While many file types have no problem going from a PC to a Mac environment, there are a few things you should know about transferring files across platforms. File associations will not transfer automatically. Windows knows which program to open up a file with because of the filename extensions – .doc, .jpg, .tiff, and so on. Macintosh computers do not use this extension – they use an internal part of the file known as the resource fork. Therefore, a Mac user may not know which program to open a PC file with, and vice versa for a PC user. When you name a file on a Macintosh that is going to a PC, add the appropriate file extension. However, we see many more PC created files sent to us that we need to open on our Mac system. That is why it is imperative that we know what software was used to create the file – we might not be able to tell what kind of file it is just by the name. The best way to avoid cross-platform issues is to use PDF files. PDF files, when correctly created, will give you a consistent print image regardless of what type of system is being used. They also are easily recognized by both PC’s and Mac’s. While PDF files are an ideal solution for the print industry, there are wrong ways to create them – see our How to create PDF files page for detailed information.
Microsoft Publisher users
Microsoft Publisher has become a very common program for print designers. While Publisher does have some limitations, it can still be used to create print ready files. Though Publisher does allow for a “Pack and Go” option just for sending your file to a printer, you can also create very good quality EPS files that any printer can readily accept. A few items to remember – you must embed any graphic images as you create your piece, and you must embed the fonts as well. The fonts should automatically embed – just be aware that some fonts cannot be embedded and some font substitutions may occur. Publisher comes with the MS Publisher Imagesetter printer driver that works very well for creating EPS files. Use this driver to create your EPS file – for detailed instructions see our Creating EPS files page.
What is Variable Imaging?
Variable Imaging, by definition, is the printing of documents in which each one is personalized for the intended recipient. It can be as simple as just a name and address, but the real impact comes when other information is added to create a piece that includes information specific to the recipient.
Levels of Personalization
Levels of Personalization
Common Printing Terminology
CMYK – Abbreviation for cyan, magenta, yellow and black. These are the four process colors used to produce full-color images.
Comb bind – To plastic comb bind by inserting the comb into punched holes.
EPS file – Encapsulated Postscript file, a standard format for importing and exporting PostScript language files in all environments. An EPS file can contain any combination of text, graphics, and images. An EPS file is the same as any other PostScript language page description, with some restrictions.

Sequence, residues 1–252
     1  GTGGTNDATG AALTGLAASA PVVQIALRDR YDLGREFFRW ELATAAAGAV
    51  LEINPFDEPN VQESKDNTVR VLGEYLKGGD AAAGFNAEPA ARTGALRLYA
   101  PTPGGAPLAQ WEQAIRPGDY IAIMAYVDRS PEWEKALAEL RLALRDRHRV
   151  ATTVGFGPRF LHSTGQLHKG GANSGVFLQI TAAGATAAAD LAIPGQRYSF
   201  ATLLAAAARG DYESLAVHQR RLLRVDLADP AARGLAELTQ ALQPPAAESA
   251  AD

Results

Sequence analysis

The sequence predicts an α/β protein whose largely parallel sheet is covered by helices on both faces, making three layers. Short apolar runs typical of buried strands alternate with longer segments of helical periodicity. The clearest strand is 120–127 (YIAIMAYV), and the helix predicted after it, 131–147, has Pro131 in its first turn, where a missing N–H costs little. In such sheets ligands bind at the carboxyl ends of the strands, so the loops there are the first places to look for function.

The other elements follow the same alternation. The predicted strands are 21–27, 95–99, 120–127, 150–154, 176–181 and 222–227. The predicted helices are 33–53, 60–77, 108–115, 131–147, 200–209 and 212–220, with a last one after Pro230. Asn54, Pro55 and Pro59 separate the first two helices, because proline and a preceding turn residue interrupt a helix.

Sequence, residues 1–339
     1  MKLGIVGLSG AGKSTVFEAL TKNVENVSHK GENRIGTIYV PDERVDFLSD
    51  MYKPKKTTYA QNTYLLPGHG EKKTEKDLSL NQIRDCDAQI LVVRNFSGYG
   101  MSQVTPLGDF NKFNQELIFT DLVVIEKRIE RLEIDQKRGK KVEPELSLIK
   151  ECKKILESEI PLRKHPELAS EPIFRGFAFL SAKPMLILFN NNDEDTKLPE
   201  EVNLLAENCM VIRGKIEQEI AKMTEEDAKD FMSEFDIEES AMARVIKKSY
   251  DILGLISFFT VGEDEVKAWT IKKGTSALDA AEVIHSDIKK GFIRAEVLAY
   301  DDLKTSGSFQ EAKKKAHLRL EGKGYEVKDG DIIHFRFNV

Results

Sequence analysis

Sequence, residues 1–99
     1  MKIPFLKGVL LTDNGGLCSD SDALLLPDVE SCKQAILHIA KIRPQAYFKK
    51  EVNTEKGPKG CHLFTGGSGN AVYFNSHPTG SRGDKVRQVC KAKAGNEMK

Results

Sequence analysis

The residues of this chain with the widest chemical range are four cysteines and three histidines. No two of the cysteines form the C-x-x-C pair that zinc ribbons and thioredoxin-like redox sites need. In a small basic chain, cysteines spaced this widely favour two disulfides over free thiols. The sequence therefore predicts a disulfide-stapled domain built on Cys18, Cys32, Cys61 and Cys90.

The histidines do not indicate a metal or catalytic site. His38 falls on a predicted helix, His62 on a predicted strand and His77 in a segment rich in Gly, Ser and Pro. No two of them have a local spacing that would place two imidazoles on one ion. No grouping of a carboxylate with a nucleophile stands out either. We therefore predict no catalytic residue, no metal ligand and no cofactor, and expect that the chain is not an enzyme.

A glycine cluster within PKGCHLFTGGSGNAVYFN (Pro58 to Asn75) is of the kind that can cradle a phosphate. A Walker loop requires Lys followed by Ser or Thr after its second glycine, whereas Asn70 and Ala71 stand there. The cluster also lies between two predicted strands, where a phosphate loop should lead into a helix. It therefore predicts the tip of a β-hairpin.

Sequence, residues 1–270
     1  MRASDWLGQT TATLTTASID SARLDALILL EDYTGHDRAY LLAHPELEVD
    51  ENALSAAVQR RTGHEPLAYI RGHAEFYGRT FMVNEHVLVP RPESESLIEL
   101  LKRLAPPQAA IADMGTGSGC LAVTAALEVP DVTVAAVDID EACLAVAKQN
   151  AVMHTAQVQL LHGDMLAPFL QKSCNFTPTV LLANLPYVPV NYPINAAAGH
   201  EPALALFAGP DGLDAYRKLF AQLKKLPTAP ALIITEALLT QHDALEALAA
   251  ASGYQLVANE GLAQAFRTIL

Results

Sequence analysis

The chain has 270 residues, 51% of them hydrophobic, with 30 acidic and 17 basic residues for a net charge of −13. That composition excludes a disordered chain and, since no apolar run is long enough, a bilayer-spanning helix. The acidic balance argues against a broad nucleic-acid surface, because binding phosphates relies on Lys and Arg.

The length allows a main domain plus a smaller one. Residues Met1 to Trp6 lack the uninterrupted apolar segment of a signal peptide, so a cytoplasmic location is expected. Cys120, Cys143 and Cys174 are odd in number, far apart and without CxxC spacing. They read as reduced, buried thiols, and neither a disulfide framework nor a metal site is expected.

FTP – File Transfer Protocol, a method of transferring files directly from one computer to another via the Internet. Usually used in place of emailing graphic files to preserve integrity and insure transfer.
Halftone – Converting a continuous tone to dots for printing.
Indicia – Postal information place on a printed product.
PDF – Portable Document Format, a universal file format that can preserve all the fonts, formatting, graphics, and color of any source document, regardless of the application and platform used to create it. Adobe PDF files are compact and can be printed across various systems with no change in image integrity.
Pagination – How the individual pages in a document are separated into each page.
Perfect bound – When the pages of a book are held together by a cover glued to the spine and wrapped around to form the front and back covers – i.e. paperback books.
PMS – The abbreviated name of the Pantone Color Matching System.
Register – To position print in the proper position in relation to the edge of the sheet and to other printing on the same sheet.
Register marks – Cross-hair lines or marks on film, plates, and paper that guide strippers, platemakers, pressmen, and bindery personnel in processing a print order from start to finish.
Saddle stitch – Binding a booklet or magazine with staples in the seam where it folds.
Score – A crease put on paper to help it fold better.
Self cover – When the cover of a book is of the same stock as the text – implies that the cover is printed in the same process as the text. A self cover is included in the number of text pages, and are printed on the same stock and in the same color.
Spiral bound – Books bound with plastic or wire coils.
Trapping – The ability to print one ink over the other.
Trim marks – Similar to crop or register marks. These marks show where to trim the printed sheet.
Wire O – A bindery trade name for mechanical binding using double loops of wire through a hole.
Get Started on a Project
You can contact us by phone at 413-283-9356 or 413-583-5220, fax at 413-283-4403 or send message through our contact page. Visit us at 1791 Boston Rd, Springfield, MA and see for yourself who we are and what we can do for your printing needs.